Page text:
Steamed Milk and Espresso

That was what everyone was there to see. Really, it was. But in a subliminal sense, it was much more than that. It was a symbol of community, a community surrounding coffee. And that community includes all types: the coffee shop flies that sit in bar seats in front of the espresso machine for hours, the baristas that run the espresso machine all day with fluid movements and flicks of their wrists, the coffee gurus that slurp their cups of coffee to “let the flavor coat their tongues,” and the college kids who just wanted to see a spectacle. It was all a little bit overwhelming with a fervent undertone probably caused from all the caffeine, but it was a testament to how far the coffee culture has grown and how passionate people can become for it.

For me, as a participant in the competition, it was a very surreal experience.

I have only been a barista for a little over a year at a few different coffee shops with varying degrees of artisan focus. So, needless to say, I didn’t feel like very confident in my abilities to compete with some of the other competitors. There were training managers from many big name coffee shops competing and their proteges. But I was here to represent Round Mountain Coffee in place of one of the owners who couldn’t attend, and I wanted to do my best even if I would most likely be out the first round.

There were what felt like a hundred people crammed into the small coffee shop holding the latte art competition, and all eyes were on me when my name was called for the first round. I clutched my milk pitcher to my chest and approached the espresso machine, a Slayer I had never used before. My opponent, a former roaster for Onyx Coffee, shook my hand. A jug of milk was shoved into my hands. Murmured instructions from a voice behind me. Then the shots were pulled. My mind shut out the white noise of the crowd and the blaring music, focusing instead on steaming the milk, getting the rotation, letting the steam wand kiss the milk at the appropriate time. Next, I caressed the unfamiliar mug in my hand that now had the espresso shot swirling in the bottom of it. Still, in my unbroken concentration, I poured a subpar tulip out of nervousness. I knew I had lost. Finally breaking my trance, I absorbed the roar of the crowd and looked down at my competitor's work. And my heart stuttered.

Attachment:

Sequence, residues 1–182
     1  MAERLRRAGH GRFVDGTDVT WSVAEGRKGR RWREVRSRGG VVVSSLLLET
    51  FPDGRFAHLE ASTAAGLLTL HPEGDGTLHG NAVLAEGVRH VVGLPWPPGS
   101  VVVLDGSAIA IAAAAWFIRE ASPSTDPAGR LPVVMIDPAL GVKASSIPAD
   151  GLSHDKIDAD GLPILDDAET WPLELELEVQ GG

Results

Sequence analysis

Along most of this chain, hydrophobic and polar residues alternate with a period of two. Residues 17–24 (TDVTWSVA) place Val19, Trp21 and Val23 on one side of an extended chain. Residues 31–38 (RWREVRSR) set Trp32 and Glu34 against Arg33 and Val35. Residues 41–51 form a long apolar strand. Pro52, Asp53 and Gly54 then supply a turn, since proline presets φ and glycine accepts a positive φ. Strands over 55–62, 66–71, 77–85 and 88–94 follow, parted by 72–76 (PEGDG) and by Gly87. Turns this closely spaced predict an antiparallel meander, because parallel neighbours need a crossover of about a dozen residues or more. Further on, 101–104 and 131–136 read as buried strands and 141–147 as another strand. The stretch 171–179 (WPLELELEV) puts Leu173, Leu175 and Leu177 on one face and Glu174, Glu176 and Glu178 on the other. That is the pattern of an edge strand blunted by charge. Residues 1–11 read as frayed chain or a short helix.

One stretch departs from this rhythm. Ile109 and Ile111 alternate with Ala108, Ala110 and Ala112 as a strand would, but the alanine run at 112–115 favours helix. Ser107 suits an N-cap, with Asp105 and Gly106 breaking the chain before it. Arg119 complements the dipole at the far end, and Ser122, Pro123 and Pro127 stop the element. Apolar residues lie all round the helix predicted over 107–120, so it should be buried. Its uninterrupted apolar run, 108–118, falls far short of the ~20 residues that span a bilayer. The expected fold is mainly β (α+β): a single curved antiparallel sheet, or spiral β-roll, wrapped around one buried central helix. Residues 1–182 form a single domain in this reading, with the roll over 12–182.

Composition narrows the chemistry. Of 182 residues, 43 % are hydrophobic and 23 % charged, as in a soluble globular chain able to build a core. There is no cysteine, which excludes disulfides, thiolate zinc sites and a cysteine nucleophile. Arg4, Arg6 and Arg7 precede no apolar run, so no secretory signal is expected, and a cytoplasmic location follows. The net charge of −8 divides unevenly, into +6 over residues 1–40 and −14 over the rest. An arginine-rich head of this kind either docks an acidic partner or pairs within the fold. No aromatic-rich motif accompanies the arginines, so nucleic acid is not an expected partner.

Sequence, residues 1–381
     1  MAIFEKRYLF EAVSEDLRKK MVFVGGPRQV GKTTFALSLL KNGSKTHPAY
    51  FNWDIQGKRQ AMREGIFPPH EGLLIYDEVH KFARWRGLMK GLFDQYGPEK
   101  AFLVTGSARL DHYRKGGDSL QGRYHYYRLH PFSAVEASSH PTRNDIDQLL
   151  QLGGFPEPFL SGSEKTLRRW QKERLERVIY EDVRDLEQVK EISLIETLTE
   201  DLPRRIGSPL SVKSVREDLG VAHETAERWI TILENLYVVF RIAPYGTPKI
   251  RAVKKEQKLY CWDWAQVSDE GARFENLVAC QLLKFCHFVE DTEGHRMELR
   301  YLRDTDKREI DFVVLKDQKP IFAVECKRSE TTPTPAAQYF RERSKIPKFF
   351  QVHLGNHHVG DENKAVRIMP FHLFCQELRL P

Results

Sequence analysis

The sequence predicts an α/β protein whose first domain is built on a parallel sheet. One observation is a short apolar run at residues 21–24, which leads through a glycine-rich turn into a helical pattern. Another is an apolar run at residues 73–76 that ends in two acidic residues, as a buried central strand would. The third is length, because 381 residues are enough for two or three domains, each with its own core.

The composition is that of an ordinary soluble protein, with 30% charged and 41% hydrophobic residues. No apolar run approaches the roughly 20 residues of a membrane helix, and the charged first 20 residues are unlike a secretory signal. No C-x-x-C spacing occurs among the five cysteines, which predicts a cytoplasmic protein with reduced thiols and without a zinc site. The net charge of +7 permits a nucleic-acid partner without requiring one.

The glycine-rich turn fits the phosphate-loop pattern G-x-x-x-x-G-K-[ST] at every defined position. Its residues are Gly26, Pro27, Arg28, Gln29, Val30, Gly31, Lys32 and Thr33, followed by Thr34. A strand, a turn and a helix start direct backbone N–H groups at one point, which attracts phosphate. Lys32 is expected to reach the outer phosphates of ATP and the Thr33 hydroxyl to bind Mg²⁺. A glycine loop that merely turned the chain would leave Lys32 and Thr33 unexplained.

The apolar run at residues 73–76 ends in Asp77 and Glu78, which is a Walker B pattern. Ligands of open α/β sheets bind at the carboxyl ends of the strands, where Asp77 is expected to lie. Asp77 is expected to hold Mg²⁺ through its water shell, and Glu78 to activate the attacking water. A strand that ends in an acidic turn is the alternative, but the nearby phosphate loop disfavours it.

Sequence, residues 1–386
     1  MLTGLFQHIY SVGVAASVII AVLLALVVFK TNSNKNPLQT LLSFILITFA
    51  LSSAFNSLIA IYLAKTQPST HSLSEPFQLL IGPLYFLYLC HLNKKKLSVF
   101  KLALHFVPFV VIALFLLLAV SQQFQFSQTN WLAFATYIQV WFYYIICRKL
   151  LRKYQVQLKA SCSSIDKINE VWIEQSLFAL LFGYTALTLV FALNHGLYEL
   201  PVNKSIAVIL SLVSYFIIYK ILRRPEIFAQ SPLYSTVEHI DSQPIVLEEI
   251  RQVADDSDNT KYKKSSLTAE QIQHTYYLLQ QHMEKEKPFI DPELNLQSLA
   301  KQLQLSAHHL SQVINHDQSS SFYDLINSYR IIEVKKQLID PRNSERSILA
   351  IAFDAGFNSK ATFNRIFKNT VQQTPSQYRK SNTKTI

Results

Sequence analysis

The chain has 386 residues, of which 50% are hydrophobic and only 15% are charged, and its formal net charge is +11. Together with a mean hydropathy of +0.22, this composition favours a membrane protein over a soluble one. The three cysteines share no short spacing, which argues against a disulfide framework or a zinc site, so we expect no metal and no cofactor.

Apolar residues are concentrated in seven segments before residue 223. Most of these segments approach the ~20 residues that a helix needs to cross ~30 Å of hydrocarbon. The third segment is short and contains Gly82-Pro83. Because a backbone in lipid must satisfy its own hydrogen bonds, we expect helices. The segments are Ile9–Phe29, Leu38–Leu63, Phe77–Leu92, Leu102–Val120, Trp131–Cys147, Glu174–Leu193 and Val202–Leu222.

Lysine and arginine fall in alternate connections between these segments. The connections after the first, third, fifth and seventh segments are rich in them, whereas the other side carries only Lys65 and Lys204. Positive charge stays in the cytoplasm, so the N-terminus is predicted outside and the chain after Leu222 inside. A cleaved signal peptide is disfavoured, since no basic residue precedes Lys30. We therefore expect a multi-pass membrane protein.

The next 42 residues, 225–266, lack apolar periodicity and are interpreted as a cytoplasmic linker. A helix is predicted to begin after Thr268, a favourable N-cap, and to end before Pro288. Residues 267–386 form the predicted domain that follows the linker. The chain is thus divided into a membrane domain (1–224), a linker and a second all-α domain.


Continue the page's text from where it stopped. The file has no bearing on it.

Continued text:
He had poured a shaky, uneven heart. I had actually won my first round. And the second round.

On the third round, I was up against the favorite to win. An Arkansas native, he now lived in Memphis and worked at a big coffee shop as the head trainer, but the five hundred dollar prize money had drawn him back to Arkansas for the competition. He shook my hand and told me his name even though I already knew it. The shots were pulled, and the steamers started.

As I held the pitcher, monitoring it’s temperature through my hands as the milk swirled, I reflected on the competition as I knew it was coming to a close for me. I had entered into the competition expecting nothing, figuring I would come and be knocked out the first round. But I hadn’t. I had won not one, but two rounds. I had thought I wasn’t good enough to enter the competition and had only done so out of pressure from my boss, but I was good enough. Even though I wasn’t the best, it didn’t mean I was the worst either.

I had found myself more capable and competitive than I thought I would be.

I stopped the steam wand and peaked over at my competitor who was already pouring. Damn. He was in the process of making a beautiful, full tulip with clear, distinct lines and a symmetrical body. I couldn’t do that. Trying to pull a trick out of my bag, I attempted to pour one of my experimental designs where I make a rosetta that hugs the perimeter of the cup, making a rosetta circle. But out of sheer nervousness and lack of execution, I failed and blew out the rosetta. I had made a blob. But I did finish in the top eight out of almost thirty competitors.